The Wicked Girls. £6.99. Sphere 2012.

Cultural writing and inspiration: Pangea blog tour

Pangea is writing 'for all worlds', with 25 authors across 13 countries, giving a rich flavour of what's influencing and inspiring today's short story writers. I asked two Pangea authors, one with links to South Africa (Liesl Jobson) and the other to India (Fehmida Zakeer), how important their roots were in their writing. Did they feel they'd have written differently – or about another subject – if they'd been born or were rasied or lived elsewhere?

Fehmida: I was thrilled when my story was chosen by Rebecca and Indira for the anthology especially because when I was writing it I never thought it would appeal to readers who are not familiar with the cultural background of the story.  It was a pleasant surprise when fellow members of the short story group appreciated it and an even more surprise when it was chosen. The story though set in India, is set in a small geographical area where practices differ greatly from the mainstream, so I was doubtful whether the finer details would strike a chord, but happily I was wrong. My cultural roots makeup the background for this story ― so yes, I think I would have written this story just as it is at some point even if I were living somewhere else.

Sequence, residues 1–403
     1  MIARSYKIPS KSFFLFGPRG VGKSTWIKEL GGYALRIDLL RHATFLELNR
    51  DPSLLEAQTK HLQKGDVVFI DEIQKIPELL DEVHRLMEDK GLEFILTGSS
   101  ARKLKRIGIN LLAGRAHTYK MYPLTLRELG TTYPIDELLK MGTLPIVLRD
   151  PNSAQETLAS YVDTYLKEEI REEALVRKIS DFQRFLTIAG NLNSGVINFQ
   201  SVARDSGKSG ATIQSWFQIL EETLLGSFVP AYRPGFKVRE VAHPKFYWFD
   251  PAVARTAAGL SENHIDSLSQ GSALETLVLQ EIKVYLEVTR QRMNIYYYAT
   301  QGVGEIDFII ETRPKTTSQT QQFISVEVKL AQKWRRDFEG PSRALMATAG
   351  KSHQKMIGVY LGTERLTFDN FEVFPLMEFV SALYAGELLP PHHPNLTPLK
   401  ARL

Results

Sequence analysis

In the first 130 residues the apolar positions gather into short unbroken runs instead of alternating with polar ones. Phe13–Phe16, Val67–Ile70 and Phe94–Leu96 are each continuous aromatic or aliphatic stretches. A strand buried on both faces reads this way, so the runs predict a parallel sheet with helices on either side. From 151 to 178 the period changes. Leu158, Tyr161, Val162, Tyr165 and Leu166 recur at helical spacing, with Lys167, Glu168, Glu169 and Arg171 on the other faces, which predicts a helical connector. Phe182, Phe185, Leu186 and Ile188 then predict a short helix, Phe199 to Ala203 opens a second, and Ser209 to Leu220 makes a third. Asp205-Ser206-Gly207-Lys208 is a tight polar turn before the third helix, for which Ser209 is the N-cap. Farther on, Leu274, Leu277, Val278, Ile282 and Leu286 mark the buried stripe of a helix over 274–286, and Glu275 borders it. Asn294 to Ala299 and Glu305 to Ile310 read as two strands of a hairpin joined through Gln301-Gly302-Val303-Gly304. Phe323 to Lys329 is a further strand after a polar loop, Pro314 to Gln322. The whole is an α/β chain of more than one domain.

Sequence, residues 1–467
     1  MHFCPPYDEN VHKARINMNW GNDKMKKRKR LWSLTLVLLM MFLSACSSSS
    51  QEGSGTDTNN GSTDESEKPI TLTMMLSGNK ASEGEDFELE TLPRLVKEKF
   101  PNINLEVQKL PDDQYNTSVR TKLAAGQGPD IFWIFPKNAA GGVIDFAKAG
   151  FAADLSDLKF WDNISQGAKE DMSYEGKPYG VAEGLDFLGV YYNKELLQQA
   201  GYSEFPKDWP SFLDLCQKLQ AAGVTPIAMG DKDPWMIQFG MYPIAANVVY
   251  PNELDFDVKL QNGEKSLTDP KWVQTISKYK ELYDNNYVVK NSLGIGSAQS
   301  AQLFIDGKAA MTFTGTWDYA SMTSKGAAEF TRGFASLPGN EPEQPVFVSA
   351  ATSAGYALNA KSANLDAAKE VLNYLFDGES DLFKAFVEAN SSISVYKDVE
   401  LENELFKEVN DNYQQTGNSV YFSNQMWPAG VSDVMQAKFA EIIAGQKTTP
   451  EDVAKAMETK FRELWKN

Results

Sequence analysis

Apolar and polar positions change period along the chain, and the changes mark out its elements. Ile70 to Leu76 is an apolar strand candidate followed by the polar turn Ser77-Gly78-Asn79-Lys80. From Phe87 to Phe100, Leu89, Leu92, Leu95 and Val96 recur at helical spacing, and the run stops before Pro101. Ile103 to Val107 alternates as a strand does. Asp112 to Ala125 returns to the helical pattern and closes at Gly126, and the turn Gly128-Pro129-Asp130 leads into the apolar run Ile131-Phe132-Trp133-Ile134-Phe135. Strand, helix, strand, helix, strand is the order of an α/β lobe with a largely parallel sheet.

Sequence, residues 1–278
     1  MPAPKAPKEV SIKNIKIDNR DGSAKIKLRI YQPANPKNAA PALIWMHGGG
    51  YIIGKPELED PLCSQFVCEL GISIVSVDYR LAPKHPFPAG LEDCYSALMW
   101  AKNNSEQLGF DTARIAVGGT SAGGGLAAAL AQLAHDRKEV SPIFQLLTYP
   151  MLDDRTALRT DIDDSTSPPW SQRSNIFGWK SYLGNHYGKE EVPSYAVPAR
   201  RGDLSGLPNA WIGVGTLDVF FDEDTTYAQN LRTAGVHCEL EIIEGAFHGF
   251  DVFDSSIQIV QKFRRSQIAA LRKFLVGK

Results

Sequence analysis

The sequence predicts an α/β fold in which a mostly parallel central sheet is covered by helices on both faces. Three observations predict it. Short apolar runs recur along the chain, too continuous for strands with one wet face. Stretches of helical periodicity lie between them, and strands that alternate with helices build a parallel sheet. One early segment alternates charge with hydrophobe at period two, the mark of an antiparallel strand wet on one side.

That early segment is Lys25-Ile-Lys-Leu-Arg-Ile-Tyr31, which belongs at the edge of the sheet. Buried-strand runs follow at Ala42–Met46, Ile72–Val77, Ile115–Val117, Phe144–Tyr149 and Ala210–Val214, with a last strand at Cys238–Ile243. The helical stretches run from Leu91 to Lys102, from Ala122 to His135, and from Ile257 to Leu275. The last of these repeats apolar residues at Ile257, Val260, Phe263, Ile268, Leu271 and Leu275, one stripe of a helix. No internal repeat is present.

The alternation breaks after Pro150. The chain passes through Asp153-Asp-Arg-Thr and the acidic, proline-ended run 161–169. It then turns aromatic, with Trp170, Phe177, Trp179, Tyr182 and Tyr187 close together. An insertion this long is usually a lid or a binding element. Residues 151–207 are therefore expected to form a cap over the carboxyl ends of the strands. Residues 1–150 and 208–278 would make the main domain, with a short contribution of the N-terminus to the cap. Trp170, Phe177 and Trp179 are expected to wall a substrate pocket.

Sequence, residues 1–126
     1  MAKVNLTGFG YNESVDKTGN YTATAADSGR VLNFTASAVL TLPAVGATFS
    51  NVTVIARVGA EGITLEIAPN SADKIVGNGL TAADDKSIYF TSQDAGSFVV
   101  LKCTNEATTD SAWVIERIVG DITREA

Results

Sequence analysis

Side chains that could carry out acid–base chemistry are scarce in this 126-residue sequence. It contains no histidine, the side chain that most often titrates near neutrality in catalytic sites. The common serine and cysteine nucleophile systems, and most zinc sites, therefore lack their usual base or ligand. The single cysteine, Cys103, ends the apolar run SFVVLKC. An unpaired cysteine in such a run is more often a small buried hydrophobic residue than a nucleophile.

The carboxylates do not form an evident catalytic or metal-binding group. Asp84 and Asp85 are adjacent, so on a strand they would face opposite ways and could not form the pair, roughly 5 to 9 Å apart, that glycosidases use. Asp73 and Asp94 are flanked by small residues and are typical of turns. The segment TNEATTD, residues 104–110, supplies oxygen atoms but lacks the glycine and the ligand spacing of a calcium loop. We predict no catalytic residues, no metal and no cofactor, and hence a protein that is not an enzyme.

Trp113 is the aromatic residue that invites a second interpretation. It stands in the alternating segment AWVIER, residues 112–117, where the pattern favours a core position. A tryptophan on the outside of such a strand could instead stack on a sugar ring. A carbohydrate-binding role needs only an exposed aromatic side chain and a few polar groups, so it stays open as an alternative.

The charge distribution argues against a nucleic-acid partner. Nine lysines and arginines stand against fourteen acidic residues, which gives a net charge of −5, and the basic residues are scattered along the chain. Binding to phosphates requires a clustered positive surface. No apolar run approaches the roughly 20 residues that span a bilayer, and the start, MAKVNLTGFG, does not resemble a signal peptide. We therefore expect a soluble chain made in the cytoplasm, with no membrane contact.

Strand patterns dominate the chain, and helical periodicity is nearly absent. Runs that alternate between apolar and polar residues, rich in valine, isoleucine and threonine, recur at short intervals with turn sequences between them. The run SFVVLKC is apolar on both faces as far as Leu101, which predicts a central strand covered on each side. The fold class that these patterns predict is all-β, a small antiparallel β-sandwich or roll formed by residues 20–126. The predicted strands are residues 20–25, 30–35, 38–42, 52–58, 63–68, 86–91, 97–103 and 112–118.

I’d like to ask Liesl: though set in a different culture, in your story Boston Brown Bread, the mother's restraint and the barely contained impatience of the father was disturbingly familiar - it seemed as though some things are part of the global culture. The mother's dignity comes through in her calm replies, so too her helplessness. I loved your sensitive handling of the topic, the setting of the story, the slow and measured build up, the explosion waiting at each you plan the course of your stories beforehand or start out with an idea and see where it takes you?